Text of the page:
Pregnancy Discrimination Act of 1978

Definition - What does Pregnancy Discrimination Act of 1978 mean?

The Pregnancy Discrimination Act of 1978 is federal legislation that bans employers from taking certain actions against an employee or prospective employee based on her pregnancy. This pertains to all aspects of employment including but not limited to hiring, termination, pay, assignment of duties or responsibilities, promotions and health insurance; and medical, personal or other paid leave.

Justipedia explains Pregnancy Discrimination Act of 1978

The Pregnancy Discrimination Act of 1978 expanded the scope of the Civil Rights Act of 1964 by adding language to Title VII that specifically protects American women from discrimination based on pregnancy.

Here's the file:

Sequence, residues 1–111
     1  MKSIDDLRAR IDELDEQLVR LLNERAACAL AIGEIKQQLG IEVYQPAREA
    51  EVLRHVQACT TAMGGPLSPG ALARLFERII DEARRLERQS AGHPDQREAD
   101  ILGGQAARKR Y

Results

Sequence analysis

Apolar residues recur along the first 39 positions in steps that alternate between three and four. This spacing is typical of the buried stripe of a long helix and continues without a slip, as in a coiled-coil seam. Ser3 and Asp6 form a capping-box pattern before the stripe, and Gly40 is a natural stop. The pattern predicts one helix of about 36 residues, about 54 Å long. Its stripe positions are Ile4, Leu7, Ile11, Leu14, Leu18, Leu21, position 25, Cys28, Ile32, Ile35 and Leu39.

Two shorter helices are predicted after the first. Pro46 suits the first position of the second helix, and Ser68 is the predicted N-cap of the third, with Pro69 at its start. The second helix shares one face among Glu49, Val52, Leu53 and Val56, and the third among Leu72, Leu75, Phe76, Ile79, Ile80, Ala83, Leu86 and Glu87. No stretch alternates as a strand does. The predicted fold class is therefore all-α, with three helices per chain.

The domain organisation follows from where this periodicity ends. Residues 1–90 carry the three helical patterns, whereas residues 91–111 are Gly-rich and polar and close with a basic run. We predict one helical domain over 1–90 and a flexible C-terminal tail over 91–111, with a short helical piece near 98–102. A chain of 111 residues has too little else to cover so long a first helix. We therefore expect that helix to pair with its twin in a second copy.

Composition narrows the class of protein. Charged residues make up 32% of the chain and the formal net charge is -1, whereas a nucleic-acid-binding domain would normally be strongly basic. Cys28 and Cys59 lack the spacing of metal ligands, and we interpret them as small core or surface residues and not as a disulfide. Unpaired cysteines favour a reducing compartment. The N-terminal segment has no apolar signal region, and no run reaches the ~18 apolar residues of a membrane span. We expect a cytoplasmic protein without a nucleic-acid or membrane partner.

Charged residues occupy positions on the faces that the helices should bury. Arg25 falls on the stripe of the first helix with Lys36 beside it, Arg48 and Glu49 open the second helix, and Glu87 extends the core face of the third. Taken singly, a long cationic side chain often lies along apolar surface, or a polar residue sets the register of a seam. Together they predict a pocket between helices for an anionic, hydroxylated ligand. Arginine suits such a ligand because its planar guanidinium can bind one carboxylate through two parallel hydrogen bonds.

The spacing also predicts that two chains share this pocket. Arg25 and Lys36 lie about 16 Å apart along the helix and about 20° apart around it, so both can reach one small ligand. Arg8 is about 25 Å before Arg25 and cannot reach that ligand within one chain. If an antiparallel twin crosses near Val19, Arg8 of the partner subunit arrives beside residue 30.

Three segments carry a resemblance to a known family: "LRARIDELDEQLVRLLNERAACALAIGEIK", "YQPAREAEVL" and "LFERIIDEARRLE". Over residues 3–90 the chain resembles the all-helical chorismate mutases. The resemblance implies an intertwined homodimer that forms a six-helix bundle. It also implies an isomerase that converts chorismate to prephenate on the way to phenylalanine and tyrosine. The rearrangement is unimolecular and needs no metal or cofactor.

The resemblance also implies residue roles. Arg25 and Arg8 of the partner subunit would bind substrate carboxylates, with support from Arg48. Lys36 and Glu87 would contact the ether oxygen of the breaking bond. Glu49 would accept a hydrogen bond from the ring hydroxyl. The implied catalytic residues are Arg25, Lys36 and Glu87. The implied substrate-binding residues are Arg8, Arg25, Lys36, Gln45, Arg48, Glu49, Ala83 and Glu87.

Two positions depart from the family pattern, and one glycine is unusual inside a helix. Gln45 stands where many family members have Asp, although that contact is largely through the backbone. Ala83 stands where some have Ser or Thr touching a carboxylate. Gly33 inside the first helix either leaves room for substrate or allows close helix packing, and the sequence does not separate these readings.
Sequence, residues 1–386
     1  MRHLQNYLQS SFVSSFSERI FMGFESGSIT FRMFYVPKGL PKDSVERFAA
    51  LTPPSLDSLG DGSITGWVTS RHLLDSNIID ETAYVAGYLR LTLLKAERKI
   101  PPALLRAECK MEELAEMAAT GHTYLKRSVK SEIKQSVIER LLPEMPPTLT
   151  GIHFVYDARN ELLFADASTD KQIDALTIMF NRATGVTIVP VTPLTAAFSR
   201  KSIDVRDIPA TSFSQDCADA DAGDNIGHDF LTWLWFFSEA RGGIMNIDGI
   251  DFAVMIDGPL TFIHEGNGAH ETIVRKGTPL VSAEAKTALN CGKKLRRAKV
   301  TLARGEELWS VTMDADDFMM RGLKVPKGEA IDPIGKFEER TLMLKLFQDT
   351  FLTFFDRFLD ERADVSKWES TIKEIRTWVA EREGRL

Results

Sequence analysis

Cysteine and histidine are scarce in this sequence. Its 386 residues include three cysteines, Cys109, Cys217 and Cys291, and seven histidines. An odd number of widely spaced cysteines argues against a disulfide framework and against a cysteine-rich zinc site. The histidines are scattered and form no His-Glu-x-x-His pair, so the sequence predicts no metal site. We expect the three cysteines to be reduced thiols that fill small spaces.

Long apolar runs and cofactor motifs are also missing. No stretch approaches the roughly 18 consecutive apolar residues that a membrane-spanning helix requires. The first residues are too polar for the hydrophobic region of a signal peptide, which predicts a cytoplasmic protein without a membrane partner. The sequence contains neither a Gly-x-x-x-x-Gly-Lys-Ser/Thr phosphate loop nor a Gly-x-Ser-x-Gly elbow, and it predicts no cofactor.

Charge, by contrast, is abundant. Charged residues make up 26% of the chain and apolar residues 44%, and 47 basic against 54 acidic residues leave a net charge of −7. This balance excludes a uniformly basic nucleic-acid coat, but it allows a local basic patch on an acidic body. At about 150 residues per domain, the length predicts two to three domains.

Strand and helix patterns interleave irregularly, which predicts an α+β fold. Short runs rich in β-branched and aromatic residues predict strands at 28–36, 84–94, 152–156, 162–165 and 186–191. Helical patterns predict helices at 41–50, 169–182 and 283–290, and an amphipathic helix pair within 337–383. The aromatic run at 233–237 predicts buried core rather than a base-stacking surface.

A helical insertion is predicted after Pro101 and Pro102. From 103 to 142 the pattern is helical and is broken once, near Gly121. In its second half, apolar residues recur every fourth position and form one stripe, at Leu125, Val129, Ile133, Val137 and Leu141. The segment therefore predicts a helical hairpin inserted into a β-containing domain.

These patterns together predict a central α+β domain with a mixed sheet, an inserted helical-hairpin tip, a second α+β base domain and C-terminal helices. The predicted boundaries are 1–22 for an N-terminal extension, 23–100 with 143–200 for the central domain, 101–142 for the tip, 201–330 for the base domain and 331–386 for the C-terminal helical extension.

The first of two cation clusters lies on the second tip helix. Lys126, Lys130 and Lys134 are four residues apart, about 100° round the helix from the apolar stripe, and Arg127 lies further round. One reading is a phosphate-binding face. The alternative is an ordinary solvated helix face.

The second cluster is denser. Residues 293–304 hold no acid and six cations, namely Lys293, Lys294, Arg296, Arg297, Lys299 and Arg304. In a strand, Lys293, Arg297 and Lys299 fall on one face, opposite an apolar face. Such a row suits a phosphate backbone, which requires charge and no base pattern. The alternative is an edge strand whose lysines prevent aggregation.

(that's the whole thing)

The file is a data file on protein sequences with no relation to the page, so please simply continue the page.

It makes a pertinent point: "Women affected by pregnancy, childbirth, or related medical conditions shall be treated the same for all employment-related purposes, including the receipt of benefits under fringe benefit programs, as other persons not so affected but similar in their ability or inability to work, and nothing in section 703(h) of this title shall be interpreted to permit otherwise."

The passing of this legislation occurred in the wake of the Supreme Court's decision in General Electric Co. v. Gilbert, 429 U.S. 125 (1976). In this controversial case, the court ruled that the company's disability program wasn't discriminatory, even though it didn't provide benefits for disability resulting from pregnancy or childbirth.

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